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Author: William A. Stein
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Description: Jupyter html version of Finance-Bonds/Yields.ipynb
Yields

Computing yields

  • Recall that 1(1+r)tDFt\frac{1}{(1+r)^t}\equiv DF_{t}.
  • If we want to find the yield, we can change our problem to solve for DFs.
  • Our problem becomes a linear problem, which is much easier to work with.

Now, assume that we have two bonds with two periods paying different cash flows. What's the term structure?

Assune that bond A has the following value

while B

Note that we assume that we know the prices.

We have two unknowns DF1DF_{1} and DF2DF_{2} and two equations (one for each bond). Generally, we can solve this problem using algebra. However, given that you must deal with a number of securities, it is better to work with matrices. Basically, we are going to put unknowns in one side, and constants (prices) in other.

The matrix representation of our problem is

$ \begin{bmatrix} C^A{1} & C^A{2} \ C^B{1} & C^B{2} \end{bmatrix} \begin{bmatrix} DF{1} \ DF{2}

\end{bmatrix}

[pApB]\begin{bmatrix} p^A \\ p^B \end{bmatrix}

\text{or} \quad A x =b $

where the matrix AA contains the coefficients associated to the unknowns xx and bb contains the constants.

We can do row (column) manipulation and find the solution for xx. Here, we take a shortcut and pre-multiply for the inverse of matrix A.

A1Ax=A1bx=A1b A^{-1} A x = A^{-1} b \Rightarrow x = A^{-1}b

We are going to ask R to solve this for us. We only need to enter the matrix A and B. In our simple case, A is 2×22\times2, or 2 rows and 2 colums and bb is 2×12\times1 or 2 rows and 1 column.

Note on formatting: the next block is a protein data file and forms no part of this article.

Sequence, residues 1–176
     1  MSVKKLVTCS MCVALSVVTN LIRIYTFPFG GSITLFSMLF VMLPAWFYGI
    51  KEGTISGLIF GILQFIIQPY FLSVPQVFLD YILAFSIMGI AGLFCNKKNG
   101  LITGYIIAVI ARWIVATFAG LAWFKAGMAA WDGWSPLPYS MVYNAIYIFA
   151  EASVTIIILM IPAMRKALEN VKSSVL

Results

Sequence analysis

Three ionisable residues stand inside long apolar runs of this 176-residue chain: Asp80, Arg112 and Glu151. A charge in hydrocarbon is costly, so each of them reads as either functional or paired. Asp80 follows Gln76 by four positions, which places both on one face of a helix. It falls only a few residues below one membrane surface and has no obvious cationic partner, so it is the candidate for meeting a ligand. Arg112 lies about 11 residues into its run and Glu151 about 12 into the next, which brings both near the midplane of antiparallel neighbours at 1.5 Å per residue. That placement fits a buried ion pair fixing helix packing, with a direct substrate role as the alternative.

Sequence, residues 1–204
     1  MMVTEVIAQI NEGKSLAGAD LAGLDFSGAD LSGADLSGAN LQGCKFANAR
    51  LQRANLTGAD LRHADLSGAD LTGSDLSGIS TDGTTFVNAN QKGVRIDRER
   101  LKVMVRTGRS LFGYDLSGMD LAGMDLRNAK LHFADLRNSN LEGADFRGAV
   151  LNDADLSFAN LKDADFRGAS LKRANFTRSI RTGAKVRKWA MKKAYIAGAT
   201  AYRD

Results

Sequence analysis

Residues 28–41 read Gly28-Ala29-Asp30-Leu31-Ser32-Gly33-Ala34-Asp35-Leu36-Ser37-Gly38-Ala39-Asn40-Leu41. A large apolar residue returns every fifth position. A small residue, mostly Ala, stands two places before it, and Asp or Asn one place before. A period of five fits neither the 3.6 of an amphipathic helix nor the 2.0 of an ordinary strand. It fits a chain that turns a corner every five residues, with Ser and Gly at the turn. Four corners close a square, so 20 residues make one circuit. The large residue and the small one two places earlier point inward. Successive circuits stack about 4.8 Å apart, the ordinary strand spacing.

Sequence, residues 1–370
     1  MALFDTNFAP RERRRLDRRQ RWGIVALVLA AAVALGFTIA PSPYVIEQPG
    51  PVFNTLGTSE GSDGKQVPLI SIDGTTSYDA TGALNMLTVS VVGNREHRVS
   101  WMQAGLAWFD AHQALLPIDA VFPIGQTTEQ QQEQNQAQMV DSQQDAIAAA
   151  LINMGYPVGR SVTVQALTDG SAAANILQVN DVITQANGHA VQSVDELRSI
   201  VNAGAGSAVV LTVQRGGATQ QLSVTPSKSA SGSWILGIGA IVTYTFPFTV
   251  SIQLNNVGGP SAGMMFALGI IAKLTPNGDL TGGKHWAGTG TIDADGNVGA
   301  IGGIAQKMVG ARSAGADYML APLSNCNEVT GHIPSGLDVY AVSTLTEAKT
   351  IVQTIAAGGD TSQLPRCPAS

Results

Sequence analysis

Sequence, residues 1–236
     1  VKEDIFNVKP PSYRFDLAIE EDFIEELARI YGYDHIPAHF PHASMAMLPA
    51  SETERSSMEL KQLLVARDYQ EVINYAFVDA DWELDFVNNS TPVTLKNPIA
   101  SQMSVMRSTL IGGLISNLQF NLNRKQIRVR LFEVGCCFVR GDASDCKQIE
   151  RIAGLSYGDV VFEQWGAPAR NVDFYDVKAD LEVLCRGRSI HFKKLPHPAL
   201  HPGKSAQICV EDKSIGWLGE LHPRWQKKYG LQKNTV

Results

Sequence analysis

In [4]:
%pylab inline
%reload_ext rpy2.ipython
Populating the interactive namespace from numpy and matplotlib
In [5]:
%%R 
A <- matrix(NA,2,2) # Create a matrix A with missing values
# Assume CA1 = 8 CA2 = 108 and pA = 108.1 and CB1 = 0 and CB2 = 99 and pB = 92
A[1,1]<-8; A[1,2]<-108
A[2,1]<-0; A[2,2]<-99
b<-c(108.1,92)
#b
sol<- solve(A)%*%b # Note the % before and after * This means that we are doing matrix multiplication. 
print(sol)
#t <- seq(2)
#t
#r <- sol^{-1/t} -1 
#r
#plot(r,type="l",lty=2)


# We can recover the interest rate (1+r)^{-t}=DF or r = DF^{-1/t}-1
          [,1]
[1,] 0.9670455
[2,] 0.9292929

Yields

  • Note that assuming constant interest rates (yields!) DF1DF_1 is xx then, DF2DF_2 is x2x^2 and so on...
  • Finding the yield becomes to solve for a polynomial of degree TT.
  • Once again, we will ask R to do it for us.
In [6]:
%%R
# Imagine that a bond for 4 years pays 2% as coupon and its price is 104

lis<- c(1,2,3,4)


roots<-polyroot(c(-104, 2, 2,2, 102))
dfsol<-round(Re(roots)[Re(roots)>0],6)
rsol<-1/dfsol-1
rsol<-round(rsol,5)*100
print(paste("The yield is ", rsol,"%", sep = ""))
[1] "The yield is 0.976%"
In [7]:
from IPython.core.display import HTML
def css_styling():
    import os
    styles = open(os.path.expanduser("~/Finance-Bonds/custom.css"), "r").read()
    return HTML(styles)
css_styling()
Out[7]:
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